Theses Doctoral

Emotional and Cognitive Influences on Visual Search

Umali, Michelle Udarbe

The question of how one's emotional state affects one's ability to perform cognitive tasks has long captivated scientists. In the work described in this thesis, a visual search task was employed as a proxy for cognition while images of emotional facial expression served to influence emotional experience. Previous models of the interaction between emotion, cognition, and visual perception have focused on the negative impact of emotion on cognition and behavioral performance. The goal of the experiment described in this thesis was to investigate whether exposure to an emotional stimulus can have positive or negative effects on a subsequent visual search task. Specifically, the study was aimed at exploring the neural correlates of behavioral effects, BOLD effects, and functional connectivity between the seed regions amygdala, V1, and V2 with networks in the brain corresponding to cognition, particularly visual attention. Nineteen subjects performed the search task during fMRI, while their eye movements, pupillometric data and manual responses were measured. Furthermore, the subjects completed several emotional rating scales to assess their individual levels of anxiety and hedonic capacity. Subjects performed more accurately on the visual search task in trials preceded by fearful or happy face stimuli as compared with a neutral one. Functional connectivity measures based on psychophysiological interaction and the contrast of the fearful and neutral conditions revealed a widespread pattern of enhanced functional connections between the amygdala seed and areas located in early and higher order extrastriate cortex including inferotemporal gyrus and fusiform gyrus. In addition, higher connectivity with the medial dorsal nucleus of the thalamus was observed. Also for the Fearful → Neutral contrast, V1 had higher functional connectivity with medial prefrontal cortex, superior frontal gyrus, posterior cingulate, and the pulvinar. Furthermore, the exposure to a happy stimulus relative to a neutral one resulted in increased connectivity to the inferior parietal lobule and precuneus, both of which are involved in the frontoparietal network. Comparison of fearful and happy functional connectivity patterns revealed higher V1 and V2 connectivity with medial frontal gyrus and anterior cingulate during the fearful condition, a difference which was also correlated with subject trait anxiety. Taken together, the results indicate that exposure to emotional stimuli can have enhancing effects on visual search performance which are related to changes in the functional relationships between brain regions including the amygdala (emotion processing), inferior parietal lobule and precuneus (cognition), and striate/extrastriate cortex (visual).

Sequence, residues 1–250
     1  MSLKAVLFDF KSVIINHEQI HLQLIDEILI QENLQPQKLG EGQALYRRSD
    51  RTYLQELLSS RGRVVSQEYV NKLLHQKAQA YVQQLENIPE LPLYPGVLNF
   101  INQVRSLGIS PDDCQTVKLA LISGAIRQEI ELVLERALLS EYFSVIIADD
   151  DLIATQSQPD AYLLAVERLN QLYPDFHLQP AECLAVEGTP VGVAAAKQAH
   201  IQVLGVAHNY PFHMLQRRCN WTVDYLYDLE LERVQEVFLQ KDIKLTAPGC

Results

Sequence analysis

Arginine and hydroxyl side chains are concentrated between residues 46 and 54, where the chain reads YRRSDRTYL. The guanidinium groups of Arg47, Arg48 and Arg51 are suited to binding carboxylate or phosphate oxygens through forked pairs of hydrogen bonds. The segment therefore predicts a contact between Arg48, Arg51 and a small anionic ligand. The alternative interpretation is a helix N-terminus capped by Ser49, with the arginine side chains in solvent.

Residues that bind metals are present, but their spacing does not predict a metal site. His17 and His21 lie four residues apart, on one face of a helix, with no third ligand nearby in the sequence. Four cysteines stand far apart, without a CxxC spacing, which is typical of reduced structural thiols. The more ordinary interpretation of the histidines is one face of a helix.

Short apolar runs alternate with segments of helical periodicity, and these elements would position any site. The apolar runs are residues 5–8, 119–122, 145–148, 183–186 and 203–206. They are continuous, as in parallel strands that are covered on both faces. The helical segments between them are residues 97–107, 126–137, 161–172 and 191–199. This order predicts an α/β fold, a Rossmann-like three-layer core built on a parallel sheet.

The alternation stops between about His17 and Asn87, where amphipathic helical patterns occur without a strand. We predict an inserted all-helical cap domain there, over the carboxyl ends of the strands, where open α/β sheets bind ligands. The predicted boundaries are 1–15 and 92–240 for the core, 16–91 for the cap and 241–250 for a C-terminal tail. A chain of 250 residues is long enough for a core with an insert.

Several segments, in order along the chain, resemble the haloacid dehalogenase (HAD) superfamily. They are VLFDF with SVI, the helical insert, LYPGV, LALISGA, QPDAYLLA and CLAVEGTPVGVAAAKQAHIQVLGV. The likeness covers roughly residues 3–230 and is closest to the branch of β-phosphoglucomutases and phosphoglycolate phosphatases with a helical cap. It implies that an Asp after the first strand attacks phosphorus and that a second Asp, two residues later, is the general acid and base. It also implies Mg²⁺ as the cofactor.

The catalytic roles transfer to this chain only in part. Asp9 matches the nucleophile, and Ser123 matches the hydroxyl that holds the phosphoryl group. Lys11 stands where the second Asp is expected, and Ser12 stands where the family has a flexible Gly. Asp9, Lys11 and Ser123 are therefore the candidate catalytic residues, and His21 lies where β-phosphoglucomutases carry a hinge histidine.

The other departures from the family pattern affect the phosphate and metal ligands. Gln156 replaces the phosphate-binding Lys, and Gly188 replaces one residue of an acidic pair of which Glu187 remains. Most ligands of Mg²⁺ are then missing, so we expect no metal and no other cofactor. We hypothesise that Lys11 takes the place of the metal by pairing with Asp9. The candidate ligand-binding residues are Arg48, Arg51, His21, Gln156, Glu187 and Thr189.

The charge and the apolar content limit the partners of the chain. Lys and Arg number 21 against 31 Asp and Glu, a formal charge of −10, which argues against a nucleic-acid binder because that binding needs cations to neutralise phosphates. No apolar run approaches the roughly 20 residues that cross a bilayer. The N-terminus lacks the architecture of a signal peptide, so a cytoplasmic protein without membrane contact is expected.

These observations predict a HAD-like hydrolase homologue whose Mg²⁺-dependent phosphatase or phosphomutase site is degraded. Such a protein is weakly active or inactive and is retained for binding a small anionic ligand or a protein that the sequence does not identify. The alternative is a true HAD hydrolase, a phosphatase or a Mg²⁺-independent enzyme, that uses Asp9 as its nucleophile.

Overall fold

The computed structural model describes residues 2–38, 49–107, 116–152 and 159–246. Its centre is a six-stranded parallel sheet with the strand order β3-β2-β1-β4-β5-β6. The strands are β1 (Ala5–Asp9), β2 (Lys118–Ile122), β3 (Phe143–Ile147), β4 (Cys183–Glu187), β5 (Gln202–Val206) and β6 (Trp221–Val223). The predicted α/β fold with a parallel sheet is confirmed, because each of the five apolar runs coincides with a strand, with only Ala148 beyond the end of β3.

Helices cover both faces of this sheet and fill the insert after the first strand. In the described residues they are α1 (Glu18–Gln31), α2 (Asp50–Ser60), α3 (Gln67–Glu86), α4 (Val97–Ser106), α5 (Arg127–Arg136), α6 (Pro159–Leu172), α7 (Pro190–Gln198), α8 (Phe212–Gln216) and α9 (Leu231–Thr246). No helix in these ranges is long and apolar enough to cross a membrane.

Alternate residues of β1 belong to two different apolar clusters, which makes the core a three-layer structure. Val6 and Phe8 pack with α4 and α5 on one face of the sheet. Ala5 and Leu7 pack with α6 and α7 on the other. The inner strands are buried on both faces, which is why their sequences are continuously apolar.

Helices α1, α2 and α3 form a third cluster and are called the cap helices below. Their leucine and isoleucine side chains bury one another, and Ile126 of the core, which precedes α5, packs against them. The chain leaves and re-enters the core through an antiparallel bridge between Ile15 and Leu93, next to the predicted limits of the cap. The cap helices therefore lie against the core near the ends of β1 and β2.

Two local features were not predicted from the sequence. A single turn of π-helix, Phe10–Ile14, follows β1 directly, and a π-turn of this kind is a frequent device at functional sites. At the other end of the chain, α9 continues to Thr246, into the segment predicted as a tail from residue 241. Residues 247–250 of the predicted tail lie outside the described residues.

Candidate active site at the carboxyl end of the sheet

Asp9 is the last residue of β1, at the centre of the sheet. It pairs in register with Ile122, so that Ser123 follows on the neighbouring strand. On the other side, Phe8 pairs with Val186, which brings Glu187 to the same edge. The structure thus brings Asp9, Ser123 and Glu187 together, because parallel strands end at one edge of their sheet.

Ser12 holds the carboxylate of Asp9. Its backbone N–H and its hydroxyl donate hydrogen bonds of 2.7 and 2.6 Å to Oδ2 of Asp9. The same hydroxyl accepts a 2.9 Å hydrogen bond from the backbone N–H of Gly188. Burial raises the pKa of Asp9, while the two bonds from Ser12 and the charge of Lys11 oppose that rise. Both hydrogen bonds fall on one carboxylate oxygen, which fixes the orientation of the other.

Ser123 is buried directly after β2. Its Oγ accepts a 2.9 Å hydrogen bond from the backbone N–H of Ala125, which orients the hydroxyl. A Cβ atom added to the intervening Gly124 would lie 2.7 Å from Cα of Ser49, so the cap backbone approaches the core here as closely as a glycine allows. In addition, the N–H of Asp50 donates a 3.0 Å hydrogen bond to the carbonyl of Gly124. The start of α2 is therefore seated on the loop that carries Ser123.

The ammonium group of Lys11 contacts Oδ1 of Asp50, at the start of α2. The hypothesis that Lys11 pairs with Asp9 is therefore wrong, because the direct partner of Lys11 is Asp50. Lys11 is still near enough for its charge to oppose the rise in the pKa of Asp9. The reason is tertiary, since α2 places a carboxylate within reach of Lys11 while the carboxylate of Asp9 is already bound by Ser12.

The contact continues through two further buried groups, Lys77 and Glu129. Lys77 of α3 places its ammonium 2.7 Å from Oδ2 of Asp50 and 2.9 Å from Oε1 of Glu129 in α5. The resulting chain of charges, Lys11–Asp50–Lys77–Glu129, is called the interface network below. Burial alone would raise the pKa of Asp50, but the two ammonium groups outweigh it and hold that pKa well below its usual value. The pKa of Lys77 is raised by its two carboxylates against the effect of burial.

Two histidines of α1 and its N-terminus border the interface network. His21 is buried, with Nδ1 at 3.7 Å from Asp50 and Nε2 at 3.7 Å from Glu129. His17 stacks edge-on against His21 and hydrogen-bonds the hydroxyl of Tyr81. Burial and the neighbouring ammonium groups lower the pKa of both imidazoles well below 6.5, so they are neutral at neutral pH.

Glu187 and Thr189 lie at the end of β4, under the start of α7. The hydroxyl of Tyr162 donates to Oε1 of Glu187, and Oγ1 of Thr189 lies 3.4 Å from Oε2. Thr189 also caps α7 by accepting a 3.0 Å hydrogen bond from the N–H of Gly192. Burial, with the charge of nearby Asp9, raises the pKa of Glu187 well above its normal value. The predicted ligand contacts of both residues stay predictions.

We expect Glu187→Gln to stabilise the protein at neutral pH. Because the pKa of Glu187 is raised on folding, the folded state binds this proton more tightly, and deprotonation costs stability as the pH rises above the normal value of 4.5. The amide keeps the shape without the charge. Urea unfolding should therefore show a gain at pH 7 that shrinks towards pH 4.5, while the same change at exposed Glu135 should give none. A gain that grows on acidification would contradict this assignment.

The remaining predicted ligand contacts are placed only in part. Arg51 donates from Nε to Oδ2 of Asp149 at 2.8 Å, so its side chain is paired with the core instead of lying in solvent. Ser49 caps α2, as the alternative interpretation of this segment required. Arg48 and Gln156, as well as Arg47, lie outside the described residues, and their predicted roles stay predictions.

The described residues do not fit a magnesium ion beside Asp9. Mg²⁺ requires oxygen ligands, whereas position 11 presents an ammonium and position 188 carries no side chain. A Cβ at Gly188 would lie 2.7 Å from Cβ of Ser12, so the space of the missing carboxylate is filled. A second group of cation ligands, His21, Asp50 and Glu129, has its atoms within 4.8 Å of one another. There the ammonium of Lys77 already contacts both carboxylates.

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More About This Work

Academic Units
Neurobiology and Behavior
Thesis Advisors
Hirsch, Joy
Ph.D., Columbia University
Published Here
September 12, 2012